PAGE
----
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Diverse Views Give New Meaning to Mental Health Experiences

A cross-cultural exploration of meaning-making in mental health journeys.

Key points

  • Level of support can be key in recovery after a first episode of psychosis.
  • Different cultures assign all sorts of meaning to mental health challenges that we can learn from.
  • One study suggests that post-traumatic growth is experienced by as many as 83% of people with mental illness.

I learned about the Neurodiversity Gifts initiative through an international professional organization on psychosis. Learning about Neurodiversity Gifts led me to meet its creator Joshua Roberts, a scholar with an MA in theology and BA in psychology, a peer support specialist helping create the next statewide exam for California, and a person who experienced six involuntary hospitalizations before his recovery from Bipolar I disorder. Joshua spent much of his formative years in South Africa and carries a multidimensional mental health perspective. I was intrigued.

A First Episode

I met with Joshua to discuss his ideas and learn of the meaning he made in his journey. He shares about his initial episodes of psychosis, which occurred while he was surrounded by people close to him. In those times, though his experiences were extreme, he found himself in a state of safety. He reflects, "They were able to kind of dance with me until I came out of it."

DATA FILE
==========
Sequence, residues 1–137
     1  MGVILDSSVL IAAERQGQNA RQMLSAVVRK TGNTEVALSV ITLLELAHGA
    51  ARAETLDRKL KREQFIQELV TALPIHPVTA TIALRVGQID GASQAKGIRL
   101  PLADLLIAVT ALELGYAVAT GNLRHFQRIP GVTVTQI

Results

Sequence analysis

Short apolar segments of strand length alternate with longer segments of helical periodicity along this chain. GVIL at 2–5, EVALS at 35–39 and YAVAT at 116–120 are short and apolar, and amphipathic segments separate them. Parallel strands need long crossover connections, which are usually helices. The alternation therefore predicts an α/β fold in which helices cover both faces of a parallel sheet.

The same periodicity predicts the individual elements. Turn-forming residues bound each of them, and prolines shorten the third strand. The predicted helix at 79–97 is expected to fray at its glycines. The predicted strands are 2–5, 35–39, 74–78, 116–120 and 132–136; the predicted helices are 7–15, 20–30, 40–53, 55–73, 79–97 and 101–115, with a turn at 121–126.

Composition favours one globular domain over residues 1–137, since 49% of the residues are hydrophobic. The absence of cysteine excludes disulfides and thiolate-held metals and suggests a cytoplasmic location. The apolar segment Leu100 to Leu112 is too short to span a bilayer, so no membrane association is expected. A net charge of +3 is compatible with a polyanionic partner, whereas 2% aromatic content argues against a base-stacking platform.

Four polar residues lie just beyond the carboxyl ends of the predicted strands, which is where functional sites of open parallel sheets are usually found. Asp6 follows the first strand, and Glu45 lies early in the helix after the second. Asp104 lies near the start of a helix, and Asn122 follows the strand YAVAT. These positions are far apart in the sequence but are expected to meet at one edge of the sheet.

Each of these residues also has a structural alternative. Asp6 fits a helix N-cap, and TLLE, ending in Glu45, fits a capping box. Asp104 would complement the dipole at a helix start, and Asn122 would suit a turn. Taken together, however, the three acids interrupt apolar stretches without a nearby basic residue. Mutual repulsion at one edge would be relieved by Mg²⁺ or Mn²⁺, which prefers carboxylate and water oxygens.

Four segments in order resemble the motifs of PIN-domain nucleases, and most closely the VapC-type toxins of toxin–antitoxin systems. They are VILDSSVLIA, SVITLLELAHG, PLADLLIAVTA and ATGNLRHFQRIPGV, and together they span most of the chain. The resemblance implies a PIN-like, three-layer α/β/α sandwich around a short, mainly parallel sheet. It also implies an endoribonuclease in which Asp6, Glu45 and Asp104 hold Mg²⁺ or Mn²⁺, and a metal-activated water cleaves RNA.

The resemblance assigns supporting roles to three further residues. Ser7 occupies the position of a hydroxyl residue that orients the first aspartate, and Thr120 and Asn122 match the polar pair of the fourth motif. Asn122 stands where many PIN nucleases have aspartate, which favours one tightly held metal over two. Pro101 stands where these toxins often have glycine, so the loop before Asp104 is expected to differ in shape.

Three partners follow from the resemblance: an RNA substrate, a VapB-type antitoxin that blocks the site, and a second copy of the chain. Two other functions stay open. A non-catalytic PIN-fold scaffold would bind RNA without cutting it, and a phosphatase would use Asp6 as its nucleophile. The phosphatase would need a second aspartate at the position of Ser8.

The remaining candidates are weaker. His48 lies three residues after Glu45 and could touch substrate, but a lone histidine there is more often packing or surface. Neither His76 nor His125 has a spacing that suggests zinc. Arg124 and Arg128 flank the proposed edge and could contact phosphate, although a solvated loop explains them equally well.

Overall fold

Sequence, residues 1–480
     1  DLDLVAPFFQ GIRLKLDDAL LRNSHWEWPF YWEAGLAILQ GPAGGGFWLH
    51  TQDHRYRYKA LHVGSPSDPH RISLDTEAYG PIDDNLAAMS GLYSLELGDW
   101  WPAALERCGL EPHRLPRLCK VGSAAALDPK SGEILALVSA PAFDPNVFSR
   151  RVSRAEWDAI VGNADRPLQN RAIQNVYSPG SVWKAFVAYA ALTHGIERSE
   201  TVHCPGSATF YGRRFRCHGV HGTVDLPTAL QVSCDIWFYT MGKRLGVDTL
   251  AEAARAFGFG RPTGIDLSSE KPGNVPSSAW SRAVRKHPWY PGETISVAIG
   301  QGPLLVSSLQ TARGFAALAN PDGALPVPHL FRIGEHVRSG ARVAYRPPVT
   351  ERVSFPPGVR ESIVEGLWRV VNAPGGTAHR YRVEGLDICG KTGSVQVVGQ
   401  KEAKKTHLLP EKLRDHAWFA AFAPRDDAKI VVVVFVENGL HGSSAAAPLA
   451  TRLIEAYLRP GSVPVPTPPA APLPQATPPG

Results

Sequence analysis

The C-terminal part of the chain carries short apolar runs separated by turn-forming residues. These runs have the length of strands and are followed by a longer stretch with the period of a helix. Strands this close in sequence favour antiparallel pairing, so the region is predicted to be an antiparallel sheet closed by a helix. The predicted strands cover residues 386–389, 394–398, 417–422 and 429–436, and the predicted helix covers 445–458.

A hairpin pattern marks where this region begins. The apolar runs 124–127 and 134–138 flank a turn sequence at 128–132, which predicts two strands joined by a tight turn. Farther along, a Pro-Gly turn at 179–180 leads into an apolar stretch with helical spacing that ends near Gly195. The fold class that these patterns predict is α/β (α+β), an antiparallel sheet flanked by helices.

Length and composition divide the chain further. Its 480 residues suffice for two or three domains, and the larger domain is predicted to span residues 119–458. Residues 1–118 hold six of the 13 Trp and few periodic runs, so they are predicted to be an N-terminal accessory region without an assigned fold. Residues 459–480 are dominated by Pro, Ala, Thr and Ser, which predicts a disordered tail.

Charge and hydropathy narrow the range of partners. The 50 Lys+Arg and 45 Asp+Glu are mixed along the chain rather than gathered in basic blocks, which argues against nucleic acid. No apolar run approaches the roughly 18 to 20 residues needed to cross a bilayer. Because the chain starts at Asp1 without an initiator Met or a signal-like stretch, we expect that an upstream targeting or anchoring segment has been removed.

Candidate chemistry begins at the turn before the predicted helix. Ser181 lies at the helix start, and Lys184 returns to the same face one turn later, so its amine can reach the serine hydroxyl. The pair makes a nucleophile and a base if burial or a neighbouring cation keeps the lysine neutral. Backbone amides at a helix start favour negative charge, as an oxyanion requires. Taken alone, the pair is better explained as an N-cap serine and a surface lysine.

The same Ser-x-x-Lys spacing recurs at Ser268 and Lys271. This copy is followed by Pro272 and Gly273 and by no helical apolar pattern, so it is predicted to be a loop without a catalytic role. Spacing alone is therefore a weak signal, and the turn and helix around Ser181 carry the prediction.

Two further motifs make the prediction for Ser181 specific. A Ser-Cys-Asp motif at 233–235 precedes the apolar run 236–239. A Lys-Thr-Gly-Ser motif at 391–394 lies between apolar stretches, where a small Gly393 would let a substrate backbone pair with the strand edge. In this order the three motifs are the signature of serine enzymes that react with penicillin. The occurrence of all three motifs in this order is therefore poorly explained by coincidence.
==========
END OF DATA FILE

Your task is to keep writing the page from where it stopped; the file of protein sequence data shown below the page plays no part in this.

Indeed, research shows that how a person is greeted in their first episode of psychosis often makes a major difference in recovery. A study following individuals in early psychosis through 18 months found that perceived emotional support correlated positively with remission (Tempier et al., 2013). The Open Dialogue Approach, an intervention that focuses on resourcing an individual's support system through intensive intervention, often at home, has had remarkably promising initial outcome results in Scandinavian countries (Seikkula et al., 2006).

Finding Meaning After a Dark Turn

Yet his third encounter with a mental health episode was in the United States and proved to be starkly different. Mania and psychosis wisped away from him thousands of dollars in a spending spree. He found himself arrested for what police falsely believed to be behavior influenced by LSD. He shares, "I was being told, sorry man, it's called Bipolar I, you have a lifelong disability, you may want to lower your expectations about what's possible. And so I trusted the authorities and I believed them and I lowered my expectations, which became a self-fulfilling prophecy. Life started sucking and I had to quit my job because I couldn't work; I had to drop all my classes at school. And really it was just a downhill spiral. Until I discovered, wait a minute, there may be some different ways to see these kinds of things."